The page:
Free Exercise Clause The Free Exercise Clause Some religious practices may conflict with other rights, and then be denied or punished Religious Freedom Restoration Act (1993)aka the American Indian Religious Freedom Act SEC. 2. CONGRESSIONAL FINDINGS AND DECLARATION OF PURPOSES. (a) FINDINGS.--The Congress finds (1) the framers of the American Constitution, recognizing free exercise of religion as an unalienable right, secured its protection in the First Amendment to the Constitution; (2) laws "neutral" toward religion may substantially burden religious exercise as surely as laws intended to interfere with religious exercise; (3) governments should not substantially burden religious exercise without compelling justification;
Exercise vs. Establishment Free exercise by government officials can establish religion. Wearing religious clothing while carrying out one’s official duties can create an establishment of religion, even if one’s religion requires the clothing. Most often, preventing establishment takes precedence over allowing free exercise.
School Prayer Engel v. Vitale (1962) Official school prayer was recited at the beginning of each day, led by school officials. Abington School District v. Schempp (1963) State law required bible recitations at the beginning of each school day. Organized religious activities in public schools constitute establishments of religion. Engel: School officials cannot promote religion, even non-coercively. Abington: With regard to religion, “The government is neutral, and, while protecting all, it prefers none, and it disparages none.”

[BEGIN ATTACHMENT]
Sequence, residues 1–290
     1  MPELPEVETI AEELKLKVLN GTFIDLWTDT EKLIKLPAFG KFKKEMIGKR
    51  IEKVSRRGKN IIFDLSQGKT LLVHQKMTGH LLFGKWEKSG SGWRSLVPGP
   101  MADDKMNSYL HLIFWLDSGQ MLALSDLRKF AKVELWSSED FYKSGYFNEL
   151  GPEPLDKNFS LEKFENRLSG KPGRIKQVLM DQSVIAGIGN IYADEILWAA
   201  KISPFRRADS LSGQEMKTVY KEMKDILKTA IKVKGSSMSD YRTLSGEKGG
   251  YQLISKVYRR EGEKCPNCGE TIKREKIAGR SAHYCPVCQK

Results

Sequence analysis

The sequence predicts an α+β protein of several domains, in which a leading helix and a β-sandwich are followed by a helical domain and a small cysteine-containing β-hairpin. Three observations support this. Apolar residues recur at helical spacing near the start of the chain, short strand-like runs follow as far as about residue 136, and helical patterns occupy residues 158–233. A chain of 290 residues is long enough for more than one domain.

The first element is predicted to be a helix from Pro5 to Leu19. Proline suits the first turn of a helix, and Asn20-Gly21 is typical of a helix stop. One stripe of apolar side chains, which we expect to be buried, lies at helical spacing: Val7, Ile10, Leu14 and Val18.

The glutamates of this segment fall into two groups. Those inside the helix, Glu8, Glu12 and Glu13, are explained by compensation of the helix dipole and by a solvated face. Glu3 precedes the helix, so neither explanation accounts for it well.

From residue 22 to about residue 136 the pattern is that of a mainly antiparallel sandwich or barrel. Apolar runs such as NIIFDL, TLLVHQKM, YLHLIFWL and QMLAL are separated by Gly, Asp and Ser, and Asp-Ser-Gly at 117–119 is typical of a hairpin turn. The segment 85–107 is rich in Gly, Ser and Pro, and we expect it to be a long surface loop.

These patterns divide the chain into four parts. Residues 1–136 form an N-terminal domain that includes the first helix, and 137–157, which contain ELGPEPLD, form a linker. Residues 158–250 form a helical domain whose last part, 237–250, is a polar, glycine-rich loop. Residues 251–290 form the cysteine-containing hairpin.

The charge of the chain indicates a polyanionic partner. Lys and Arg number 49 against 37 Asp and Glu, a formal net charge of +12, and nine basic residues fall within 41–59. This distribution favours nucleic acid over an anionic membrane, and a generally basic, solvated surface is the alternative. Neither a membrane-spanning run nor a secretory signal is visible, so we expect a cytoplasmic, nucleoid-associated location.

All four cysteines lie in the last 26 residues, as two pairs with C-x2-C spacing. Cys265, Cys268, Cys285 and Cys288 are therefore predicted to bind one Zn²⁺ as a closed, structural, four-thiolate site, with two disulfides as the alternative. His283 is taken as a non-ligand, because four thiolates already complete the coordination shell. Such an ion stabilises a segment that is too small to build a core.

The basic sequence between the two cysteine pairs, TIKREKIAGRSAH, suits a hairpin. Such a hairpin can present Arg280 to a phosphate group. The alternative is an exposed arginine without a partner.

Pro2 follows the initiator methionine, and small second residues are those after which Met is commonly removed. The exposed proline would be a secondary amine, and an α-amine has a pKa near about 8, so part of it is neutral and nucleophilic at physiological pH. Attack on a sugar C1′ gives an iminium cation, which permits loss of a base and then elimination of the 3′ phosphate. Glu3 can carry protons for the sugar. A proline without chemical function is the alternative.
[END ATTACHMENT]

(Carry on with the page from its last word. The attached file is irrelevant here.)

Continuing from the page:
School Prayer School sponsorship is the decisive factor. School-sponsored actions are not free exercises of religion. Student-led prayer is unconstitutional if it is school-sanctioned. Santa Fe ISD v. Doe (2000) Violation of the establishment clause.
Schools and Prayer A student prays silently to herself before an exam. The teacher punishes her. Have her rights been violated? The religious act is undertaken by a private citizen, not a government official. There is no establishment of religion; neither Engel nor Abington apply. The student’s free exercise rights have been violated.
Lemon Test Federal funds to parochial schools - Elementary and Secondary Schools Act Lemon v Kurtzman (1971) 1. have a secular legislative purpose 2. Have a primary effect that neither advances nor inhibits religion 3. not foster an excessive gov’t “entanglement” with religion
Schools and Prayer Agostini v Felton 1997 public schools could send teachers to remediate in parochial schools Zelman v Simmons-Harris 2002 families in Cleveland, OH could use vouchers to send students to religious schools
Schools and Prayer Kiryas Joel v Grumet 1994 NY can’t create public school district favoring Hasidic Jews
Schools and Prayer 1984 Equal Access Act no school receiving fed. funds can keep students from using facilities for religious worship if school open for other student meetings
Schools and Prayer UVA must subsidize religious publications just as much as other school publications are subsidized but Washington state allowed to withhold general scholarship monies to students pursuing devotional theology degree